Idaho: Bush’s Roadless agenda of state control is challenged in court

A coalition of conservation groups sued the federal government Friday
in an effort to block Idaho rules for managing more than 9.3 million
acres of roadless backcountry. The lawsuit argues the Fish and
Wildlife Service violated the Endangered Species Act when it ruled the
Idaho roadless plan wouldn’t jeopardize dwindling grizzly bear and
caribou populations in northern Idaho.

Attorney Tim Preso of the
Earthjustice law firm filed the lawsuit on behalf of The Wilderness
Society, Greater Yellowstone Coalition, Natural Resources Defense
Council, Sierra Club, Lands council and Idaho activist Gerald Jayne.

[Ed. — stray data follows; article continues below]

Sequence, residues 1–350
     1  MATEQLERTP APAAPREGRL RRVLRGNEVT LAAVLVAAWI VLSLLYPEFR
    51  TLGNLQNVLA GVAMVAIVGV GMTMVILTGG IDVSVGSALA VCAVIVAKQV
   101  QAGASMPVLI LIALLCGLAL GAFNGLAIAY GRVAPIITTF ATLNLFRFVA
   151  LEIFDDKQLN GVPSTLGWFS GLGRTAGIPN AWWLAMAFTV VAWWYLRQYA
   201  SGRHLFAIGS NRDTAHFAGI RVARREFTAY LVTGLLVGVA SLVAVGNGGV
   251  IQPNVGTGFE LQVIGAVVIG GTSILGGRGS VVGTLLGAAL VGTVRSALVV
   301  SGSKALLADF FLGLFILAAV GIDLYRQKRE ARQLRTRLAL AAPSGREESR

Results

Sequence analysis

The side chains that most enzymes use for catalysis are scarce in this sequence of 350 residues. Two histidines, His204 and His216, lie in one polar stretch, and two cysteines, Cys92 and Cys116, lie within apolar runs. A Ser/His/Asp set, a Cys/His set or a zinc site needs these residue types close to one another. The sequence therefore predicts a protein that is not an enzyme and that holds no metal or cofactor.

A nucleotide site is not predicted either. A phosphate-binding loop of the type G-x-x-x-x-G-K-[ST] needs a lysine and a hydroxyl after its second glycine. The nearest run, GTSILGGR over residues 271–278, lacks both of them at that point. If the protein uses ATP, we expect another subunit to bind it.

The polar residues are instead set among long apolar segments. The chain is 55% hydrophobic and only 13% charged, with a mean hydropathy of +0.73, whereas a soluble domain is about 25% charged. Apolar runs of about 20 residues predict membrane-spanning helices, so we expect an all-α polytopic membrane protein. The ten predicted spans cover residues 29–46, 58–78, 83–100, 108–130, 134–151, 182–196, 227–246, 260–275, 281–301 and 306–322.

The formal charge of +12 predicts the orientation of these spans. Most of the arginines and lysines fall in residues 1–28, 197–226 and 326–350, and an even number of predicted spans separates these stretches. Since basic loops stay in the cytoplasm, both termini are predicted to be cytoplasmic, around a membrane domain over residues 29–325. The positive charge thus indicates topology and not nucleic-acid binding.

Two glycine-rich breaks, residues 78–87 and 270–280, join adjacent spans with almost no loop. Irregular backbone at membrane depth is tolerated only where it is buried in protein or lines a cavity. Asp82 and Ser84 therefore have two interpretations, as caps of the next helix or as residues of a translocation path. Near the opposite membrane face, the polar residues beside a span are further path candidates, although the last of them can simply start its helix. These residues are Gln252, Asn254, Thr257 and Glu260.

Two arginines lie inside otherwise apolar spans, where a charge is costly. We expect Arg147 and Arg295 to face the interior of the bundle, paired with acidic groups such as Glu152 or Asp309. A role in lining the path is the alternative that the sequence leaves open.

Preso, who is based in Montana, is also representing a coalition of
environmental groups asking a federal judge to halt the expansion of a
phosphate mine in the Caribou-Targhee National Forest near the Wyoming

This is the third time Earthjustice, a non-profit public
interest law firm headquartered in Oakland, Calif., has waged a legal
battle against the federal government over the repealed 2001 roadless
rule, Preso said. “We’re not sitting back and waiting for the Obama
administration to solve our problems,” Preso said. “We think there is
an illegal act here that needs to be remedied.”

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